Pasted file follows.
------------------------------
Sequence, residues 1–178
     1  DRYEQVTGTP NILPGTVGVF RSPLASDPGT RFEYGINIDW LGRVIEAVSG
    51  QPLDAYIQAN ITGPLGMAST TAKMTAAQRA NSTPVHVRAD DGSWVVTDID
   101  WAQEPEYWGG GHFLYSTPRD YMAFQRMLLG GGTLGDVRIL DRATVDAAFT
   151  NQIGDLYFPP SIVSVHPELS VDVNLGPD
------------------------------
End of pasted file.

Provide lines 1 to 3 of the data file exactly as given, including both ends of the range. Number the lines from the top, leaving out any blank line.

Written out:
Sequence, residues 1–178
     1  DRYEQVTGTP NILPGTVGVF RSPLASDPGT RFEYGINIDW LGRVIEAVSG
    51  QPLDAYIQAN ITGPLGMAST TAKMTAAQRA NSTPVHVRAD DGSWVVTDID